For an unconditionally stable transistor, the minus signs (where the option is ± in the above expressions produce meaningful results. When provided with Γ_{SM} and Γ_{LM} terminations, the transistor has its maximum gain,^{1} G_{Tmax}, given by

Interestingly, this gain expression, after some complex algebra, also can be written as

where:

*K* = the stability factor previously defined in Part 3.

When K < 1, the two-port is potentially unstable. At a given frequency, the MSG is a figure of merit for a transistor. However, it should be noted that when providing this gain, it borders on being conditionally unstable. The maximum stable gain occurs when K = 1. Then

The MSG is easily calculated from the S-parameters, and transistor suppliers are fond of citing the MSG for their transistors, because it gives the highest applicable gain for the device. However, if operated with this gain, the device may be on the threshold of oscillation. Practical amplifier designers must back away from this gain by a safe margin to ensure stability.

The computations of Γ_{SM} and Γ_{LM} , or the corresponding source impedance, Z_{SM}, and load impedance Z_{LM} are complex. However, these calculations can be performed using network simulation software. For the stabilized 2N6679A transistor, the results in impedance form are shown in the table.

The simultaneous conjugate match impedances, Z_{SM} and Z_{LM} are those that must be presented to the transistor at source and load respectively. One does not form the complex conjugates of these impedances. Notice that they are similar but certainly not identical to the Z_{S} and Z_{L} values used for the unilateral gain design.

The source and load impedances at 1 GHz according to the unilateral design approach are Z_{S} = 10.494 + j9.796 (omega) and Z_{L} = 88.493 + j46.646 (omega). The source and load impedances at 1 GHz given by the simultaneous match design method are Z_{SM} = 4.144 + j6.335 (omega) and Z_{LM} = 54.355 + j117.564 (omega).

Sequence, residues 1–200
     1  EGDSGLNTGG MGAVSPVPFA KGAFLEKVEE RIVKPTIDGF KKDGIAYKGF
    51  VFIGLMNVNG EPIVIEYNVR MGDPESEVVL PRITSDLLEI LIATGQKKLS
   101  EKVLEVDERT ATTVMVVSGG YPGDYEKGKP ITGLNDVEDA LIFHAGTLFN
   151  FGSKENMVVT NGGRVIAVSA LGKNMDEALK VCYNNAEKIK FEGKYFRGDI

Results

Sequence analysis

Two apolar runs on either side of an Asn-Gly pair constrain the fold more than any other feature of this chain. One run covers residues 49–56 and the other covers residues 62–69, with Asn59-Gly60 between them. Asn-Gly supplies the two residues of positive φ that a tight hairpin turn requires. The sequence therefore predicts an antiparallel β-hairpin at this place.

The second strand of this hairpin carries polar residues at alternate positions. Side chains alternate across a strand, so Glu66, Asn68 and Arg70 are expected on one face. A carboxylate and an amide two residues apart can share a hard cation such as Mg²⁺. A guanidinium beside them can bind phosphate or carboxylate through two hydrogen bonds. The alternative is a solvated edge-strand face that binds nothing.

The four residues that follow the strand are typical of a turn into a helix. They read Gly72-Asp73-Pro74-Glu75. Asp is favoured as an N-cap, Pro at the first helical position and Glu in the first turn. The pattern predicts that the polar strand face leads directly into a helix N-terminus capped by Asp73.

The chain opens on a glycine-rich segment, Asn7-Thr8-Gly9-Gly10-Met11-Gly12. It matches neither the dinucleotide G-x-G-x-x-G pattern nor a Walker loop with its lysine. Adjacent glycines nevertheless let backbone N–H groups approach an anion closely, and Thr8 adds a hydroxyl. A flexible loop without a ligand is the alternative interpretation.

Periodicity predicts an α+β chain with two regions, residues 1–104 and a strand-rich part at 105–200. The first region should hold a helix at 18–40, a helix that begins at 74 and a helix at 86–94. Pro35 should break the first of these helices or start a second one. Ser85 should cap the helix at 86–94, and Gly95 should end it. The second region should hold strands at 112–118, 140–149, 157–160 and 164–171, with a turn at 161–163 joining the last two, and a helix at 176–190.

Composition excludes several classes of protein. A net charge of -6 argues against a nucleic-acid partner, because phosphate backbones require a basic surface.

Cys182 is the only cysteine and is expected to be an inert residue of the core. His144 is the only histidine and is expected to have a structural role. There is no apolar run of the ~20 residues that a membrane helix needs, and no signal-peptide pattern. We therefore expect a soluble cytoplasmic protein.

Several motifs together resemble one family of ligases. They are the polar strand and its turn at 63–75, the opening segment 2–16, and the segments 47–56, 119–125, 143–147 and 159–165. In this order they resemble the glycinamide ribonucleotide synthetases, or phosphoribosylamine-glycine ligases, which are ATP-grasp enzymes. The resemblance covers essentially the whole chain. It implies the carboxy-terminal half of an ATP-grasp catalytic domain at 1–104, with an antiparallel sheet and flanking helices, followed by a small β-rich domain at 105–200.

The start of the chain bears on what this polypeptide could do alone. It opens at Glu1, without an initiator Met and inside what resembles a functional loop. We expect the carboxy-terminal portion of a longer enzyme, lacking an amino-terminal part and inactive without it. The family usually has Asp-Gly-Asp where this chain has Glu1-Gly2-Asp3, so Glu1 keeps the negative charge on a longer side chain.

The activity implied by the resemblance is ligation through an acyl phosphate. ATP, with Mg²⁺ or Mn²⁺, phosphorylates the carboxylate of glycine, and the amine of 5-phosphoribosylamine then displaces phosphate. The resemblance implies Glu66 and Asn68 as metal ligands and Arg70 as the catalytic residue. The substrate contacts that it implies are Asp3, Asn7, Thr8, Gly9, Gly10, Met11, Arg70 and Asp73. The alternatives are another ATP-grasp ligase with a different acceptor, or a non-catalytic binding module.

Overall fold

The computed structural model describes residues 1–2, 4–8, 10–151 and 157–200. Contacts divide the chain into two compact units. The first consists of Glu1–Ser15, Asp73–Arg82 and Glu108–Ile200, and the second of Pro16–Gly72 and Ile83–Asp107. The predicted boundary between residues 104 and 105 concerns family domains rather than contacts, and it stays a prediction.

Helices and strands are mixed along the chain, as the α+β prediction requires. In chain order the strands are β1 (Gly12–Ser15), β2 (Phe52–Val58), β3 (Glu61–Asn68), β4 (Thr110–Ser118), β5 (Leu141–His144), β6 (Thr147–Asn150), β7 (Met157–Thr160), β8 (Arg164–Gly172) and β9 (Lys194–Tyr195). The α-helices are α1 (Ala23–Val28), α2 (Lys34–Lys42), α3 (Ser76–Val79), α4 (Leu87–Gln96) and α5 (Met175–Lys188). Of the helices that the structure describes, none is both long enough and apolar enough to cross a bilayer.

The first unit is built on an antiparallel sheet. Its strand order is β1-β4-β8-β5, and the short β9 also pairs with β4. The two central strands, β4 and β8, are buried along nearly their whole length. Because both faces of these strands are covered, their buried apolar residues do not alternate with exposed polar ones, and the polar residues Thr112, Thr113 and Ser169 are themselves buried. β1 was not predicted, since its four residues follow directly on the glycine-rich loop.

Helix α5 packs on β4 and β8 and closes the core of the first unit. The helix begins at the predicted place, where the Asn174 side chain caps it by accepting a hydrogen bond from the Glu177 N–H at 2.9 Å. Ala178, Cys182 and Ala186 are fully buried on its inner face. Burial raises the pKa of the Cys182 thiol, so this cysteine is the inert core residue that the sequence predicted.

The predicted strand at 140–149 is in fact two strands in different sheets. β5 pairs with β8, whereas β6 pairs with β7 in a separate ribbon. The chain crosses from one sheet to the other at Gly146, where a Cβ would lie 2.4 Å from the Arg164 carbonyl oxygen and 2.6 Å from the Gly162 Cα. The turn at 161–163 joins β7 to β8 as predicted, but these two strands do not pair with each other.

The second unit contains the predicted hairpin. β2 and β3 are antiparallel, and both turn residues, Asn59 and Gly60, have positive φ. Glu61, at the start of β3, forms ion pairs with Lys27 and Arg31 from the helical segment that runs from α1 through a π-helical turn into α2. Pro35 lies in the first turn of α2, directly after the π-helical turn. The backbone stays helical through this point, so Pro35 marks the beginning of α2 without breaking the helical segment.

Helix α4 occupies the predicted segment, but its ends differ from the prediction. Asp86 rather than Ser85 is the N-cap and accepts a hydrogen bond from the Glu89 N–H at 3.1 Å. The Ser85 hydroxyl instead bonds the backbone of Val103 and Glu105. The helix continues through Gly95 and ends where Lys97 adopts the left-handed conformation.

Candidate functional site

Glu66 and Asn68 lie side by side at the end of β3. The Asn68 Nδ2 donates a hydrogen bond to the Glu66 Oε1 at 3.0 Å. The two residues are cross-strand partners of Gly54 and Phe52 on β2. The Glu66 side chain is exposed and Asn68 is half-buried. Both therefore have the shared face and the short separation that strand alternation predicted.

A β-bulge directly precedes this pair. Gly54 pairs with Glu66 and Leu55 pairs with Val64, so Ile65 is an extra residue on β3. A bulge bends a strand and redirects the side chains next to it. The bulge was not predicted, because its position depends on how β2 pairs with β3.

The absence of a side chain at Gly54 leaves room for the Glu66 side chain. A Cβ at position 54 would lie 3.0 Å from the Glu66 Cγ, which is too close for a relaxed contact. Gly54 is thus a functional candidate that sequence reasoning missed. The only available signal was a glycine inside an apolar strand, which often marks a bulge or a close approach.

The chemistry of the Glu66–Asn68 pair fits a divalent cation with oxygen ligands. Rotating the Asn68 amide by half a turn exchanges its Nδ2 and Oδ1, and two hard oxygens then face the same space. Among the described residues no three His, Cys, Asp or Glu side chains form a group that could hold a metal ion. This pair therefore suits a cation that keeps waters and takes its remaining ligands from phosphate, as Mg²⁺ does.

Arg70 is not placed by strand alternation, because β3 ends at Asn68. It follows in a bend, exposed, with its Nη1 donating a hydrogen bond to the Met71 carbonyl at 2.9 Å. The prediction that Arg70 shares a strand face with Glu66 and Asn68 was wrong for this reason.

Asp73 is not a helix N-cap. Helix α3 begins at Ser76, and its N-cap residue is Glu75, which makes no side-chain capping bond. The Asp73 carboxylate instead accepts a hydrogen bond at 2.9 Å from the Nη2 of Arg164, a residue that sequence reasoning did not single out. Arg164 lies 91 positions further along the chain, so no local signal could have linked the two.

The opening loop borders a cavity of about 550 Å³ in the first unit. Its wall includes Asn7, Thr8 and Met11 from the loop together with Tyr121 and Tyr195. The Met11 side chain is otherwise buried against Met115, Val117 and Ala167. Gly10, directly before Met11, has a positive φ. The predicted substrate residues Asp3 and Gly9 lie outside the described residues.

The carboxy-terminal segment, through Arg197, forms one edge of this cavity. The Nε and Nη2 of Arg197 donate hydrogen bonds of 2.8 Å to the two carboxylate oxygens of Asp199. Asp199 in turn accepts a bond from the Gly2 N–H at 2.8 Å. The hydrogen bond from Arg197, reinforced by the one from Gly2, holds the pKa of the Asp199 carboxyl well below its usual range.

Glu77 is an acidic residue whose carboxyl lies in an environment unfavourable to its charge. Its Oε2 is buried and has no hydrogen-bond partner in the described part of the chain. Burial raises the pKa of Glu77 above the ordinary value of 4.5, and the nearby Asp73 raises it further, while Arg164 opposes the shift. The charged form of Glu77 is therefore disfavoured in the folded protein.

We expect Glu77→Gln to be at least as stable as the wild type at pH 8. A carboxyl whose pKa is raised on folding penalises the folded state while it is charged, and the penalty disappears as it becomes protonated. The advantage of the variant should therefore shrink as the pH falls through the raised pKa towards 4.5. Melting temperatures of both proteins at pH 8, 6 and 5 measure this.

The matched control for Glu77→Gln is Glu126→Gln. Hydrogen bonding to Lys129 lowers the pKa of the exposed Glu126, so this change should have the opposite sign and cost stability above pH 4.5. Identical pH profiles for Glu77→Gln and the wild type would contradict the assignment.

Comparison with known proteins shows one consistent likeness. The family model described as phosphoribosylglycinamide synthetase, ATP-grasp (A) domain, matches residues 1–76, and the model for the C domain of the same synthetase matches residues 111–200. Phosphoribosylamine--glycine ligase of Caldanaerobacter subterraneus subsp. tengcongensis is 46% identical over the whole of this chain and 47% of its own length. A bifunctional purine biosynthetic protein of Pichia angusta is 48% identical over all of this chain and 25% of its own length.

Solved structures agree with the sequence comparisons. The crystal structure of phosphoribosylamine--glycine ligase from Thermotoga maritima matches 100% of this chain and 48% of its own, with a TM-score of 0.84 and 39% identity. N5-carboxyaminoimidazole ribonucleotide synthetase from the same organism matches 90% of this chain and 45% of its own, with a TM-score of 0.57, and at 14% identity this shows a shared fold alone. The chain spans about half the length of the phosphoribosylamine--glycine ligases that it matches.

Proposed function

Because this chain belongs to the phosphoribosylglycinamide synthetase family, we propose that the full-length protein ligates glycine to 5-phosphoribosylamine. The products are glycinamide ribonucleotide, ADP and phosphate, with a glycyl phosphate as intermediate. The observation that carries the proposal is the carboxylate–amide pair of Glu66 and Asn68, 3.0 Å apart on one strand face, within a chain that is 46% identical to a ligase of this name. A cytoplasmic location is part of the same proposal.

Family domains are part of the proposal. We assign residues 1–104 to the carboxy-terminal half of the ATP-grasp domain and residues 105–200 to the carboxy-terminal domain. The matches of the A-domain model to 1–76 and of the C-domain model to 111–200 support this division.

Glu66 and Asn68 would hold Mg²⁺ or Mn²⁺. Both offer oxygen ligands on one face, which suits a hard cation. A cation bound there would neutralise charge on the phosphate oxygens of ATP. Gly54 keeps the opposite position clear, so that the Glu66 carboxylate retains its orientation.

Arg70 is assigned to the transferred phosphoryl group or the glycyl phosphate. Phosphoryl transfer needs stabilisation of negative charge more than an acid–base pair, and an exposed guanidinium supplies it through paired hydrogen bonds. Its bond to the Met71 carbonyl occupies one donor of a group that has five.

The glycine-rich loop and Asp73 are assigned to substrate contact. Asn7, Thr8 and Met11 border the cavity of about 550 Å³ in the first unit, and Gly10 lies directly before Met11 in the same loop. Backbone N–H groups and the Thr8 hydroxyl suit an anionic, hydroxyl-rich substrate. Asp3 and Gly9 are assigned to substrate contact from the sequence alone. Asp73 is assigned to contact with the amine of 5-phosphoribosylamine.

As an example of the application of the simultaneous match design to the stabilized 2N6679A transistor, the Q matching method of transforming the 50-(omega) source and load to the required transistor load impedances was applied. The resulting matching circuitry is shown in Fig. 1 while the performance for this circuit is shown in Fig. 2. The performance plots show that the input and output matches, S_{11} and S_{22}, exhibit return loss of 40 dB at 1 GHz, essentially providing perfect input and output matches. The gain is 21.1 dB at 1 GHz.

The expected gain can be found from the magnitudes of S_{21} and S_{12} along with the K factor. At this frequency, the stabilized 2N6679 has |S_{21}| = 6.25, |S_{12}| = 0.028, and K = 1.151. Applying Eq. 5 yields

This is also the value obtained from the circuit simulation of Fig. 1.

Maximum gain may not always be a critical performance requirement for a given amplifier design. For high-power amplifiers, for example, generous gain is important, but should also be achieved at the highest possible output power. This requires specifying a particular load impedance for the amplifier, a method corresponding to the *operating gain *design approach that will be presented next month in Part 5 of this amplifier design series.

REFERENCE

- Theodore Grosch,
*Small Signal Microwave Amplifier Design*, Noble Publishing Corp., Norcross, GA, 1999.